Tags: Delegation | Press | for | bin | Laden | Hand | Over

Delegation to Press for bin Laden Hand Over

Monday, 17 September 2001 12:00 AM

The visiting delegation opened meetings with Taliban officials in Kandahar, the base of reclusive Taliban spiritual leader Mullah Mohammed Omar, officials said. The Pakistani team, led by Maj. Gen. Faiz Gilani, warned Taliban leaders that they have only a few days to comply with the U.S. demand, reports said.

Omar has called for a meeting of Islamic clerics to consider a response to any U.S. attacks in Afghanistan. But the Taliban foreign minister, Wakil Ahmed Mutawakil, was quoted Sunday as telling reporters in Islamabad, "Nothing has changed in our policy on bin Laden," according to a report from the Pakistani capital by the Italian news agency ANSA.

President George W. Bush called Pakistani President Gen. Pervez Musharraf and urged him to press Afghan leaders to hand over bin Laden. "We had a very good, open conversation," Bush told reporters at the White House Sunday. "There is no question that he wants to cooperate with the United States."

Bush has called bin Laden the prime suspect in last week's systematic destruction of the twin tower New York landmarks and a wing of the Pentagon near Washington. Bin Laden has denied responsibility for the attacks.

In a wide-ranging interview with NBC's "Meet the Press," Vice President Dick Cheney said Sunday he had no doubt about bin Laden's involvement in the attacks, despite denials in an unverifiable statement by the Saudi dissident that surfaced in Islamabad.

"The government of Afghanistan has to understand that we believe they have, indeed, been harboring the man who committed the …whose organization committed this most recent egregious act," Cheney said.

"What we are going to do is aggressively go after Mr. bin Laden, obviously, and all of his associates, and even if it takes a long time, I'm convinced eventually we'll prevail," Cheney said. Secretary of Defense Donald Rumsfeld left open the possibility of using nuclear weapons at some point.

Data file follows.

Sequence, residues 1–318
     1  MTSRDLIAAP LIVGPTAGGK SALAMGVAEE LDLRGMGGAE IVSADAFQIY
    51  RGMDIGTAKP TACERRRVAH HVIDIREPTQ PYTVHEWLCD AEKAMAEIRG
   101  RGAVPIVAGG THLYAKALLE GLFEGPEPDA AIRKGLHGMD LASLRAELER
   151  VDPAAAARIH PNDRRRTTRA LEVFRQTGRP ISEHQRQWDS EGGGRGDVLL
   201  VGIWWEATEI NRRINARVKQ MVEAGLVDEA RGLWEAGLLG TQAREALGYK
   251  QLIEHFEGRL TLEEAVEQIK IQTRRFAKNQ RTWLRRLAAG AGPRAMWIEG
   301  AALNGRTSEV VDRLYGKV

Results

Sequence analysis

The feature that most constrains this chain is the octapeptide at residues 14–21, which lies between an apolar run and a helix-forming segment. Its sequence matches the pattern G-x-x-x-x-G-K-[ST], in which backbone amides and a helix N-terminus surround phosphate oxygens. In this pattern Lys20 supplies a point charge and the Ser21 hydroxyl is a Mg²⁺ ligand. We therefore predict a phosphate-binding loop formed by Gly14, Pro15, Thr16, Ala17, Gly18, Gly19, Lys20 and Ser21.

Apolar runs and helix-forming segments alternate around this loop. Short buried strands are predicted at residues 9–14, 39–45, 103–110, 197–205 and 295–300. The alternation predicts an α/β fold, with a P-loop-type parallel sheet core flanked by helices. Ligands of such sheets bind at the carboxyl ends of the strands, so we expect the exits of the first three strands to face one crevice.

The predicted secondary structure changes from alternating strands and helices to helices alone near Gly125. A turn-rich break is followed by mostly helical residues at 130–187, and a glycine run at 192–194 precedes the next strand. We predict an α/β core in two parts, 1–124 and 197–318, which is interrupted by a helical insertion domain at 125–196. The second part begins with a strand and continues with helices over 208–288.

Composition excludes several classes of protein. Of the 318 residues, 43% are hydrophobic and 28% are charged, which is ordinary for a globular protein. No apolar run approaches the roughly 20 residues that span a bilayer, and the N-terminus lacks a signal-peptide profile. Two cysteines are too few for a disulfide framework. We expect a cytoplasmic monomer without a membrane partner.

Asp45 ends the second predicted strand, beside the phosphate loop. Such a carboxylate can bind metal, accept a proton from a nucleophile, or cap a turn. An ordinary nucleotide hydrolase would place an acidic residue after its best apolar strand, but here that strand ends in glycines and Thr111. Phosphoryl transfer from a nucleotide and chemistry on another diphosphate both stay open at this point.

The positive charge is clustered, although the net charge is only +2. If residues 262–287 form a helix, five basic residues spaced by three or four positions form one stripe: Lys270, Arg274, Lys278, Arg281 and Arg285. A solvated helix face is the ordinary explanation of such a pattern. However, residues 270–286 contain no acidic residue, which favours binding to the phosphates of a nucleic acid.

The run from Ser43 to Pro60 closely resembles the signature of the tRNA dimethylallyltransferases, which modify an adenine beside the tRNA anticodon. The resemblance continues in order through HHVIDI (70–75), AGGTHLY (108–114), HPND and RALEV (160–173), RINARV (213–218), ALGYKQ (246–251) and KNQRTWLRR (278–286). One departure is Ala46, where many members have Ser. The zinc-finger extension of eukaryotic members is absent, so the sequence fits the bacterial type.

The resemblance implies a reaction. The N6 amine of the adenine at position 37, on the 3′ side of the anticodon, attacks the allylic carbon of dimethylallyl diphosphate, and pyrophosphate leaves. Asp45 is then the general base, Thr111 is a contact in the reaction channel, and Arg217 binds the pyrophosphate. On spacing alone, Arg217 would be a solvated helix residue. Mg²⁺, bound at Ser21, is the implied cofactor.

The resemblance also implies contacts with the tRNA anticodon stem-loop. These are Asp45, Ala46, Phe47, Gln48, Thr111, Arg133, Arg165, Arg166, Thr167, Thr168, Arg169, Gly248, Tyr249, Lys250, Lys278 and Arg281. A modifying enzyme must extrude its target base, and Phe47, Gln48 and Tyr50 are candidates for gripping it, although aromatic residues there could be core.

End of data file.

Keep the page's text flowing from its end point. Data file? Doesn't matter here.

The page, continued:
"We have to find as many ways possible to deal with this serious problem of terrorism," when asked if the administration would rule out nuclear strikes during an interview with ABC.

In return for its assistance, Pakistan has asked for U.S. help in restructuring its $30 billion international debt and for the lifting of U.S. economic sanctions, official sources told United Press International on Saturday.

New York Mayor Rudolph Giuliani reported 190 bodies had been recovered from the site of the collapsed Twin Towers and other buildings, and of that total, 115 people have been identified. He said 4,957 persons have been listed as missing, down from the 5,097 announced earlier Sunday. The mayor said the revision followed the discovery of duplications.

Taliban leaders went on the offensive politically Sunday, seeking the support of other Islamic nations, and restating their full backing for bin Laden, according to media reports from the area.

A meeting of the Taliban supreme council, headed by Mullah Omar, appealed to the Organization of the Islamic Conference and other Islamic states to come to their aid in the event of a U.S. attack.

A spokesman in the Pakistani city of Quetta said the Taliban had urged the OIC to "develop a common strategy to protect Afghanistan."

The Taliban militia, which controls 95 percent of Afghanistan, has observer status in the 57-member organization of Arab, Central Asian, and African Islamic states because only three OIC countries -- Pakistan, Saudi Arabia, and the United Arab Emirates recognize them Taliban as Afghanistan's lawful government.

A number of leading OIC members, including Saudi Arabia, Libya, and Iran, which currently holds the presidency of the organization, condemned the triple attack on the Pentagon and the two World Center towers, and offered support to the United States.

Bin Laden's militant Islamic organization has its headquarters in mountainous northern Afghanistan, where bin Laden is believed to be living.

Copyright 2001 by United Press International. All rights reserved.

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The visiting delegation opened meetings with Taliban officials in Kandahar, the base of reclusive Taliban spiritual leader Mullah Mohammed Omar, officials said.The Pakistani team, led by Maj. Gen. Faiz Gilani, warned Taliban leaders that they have only a few days to comply...
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2001-00-17
Monday, 17 September 2001 12:00 AM
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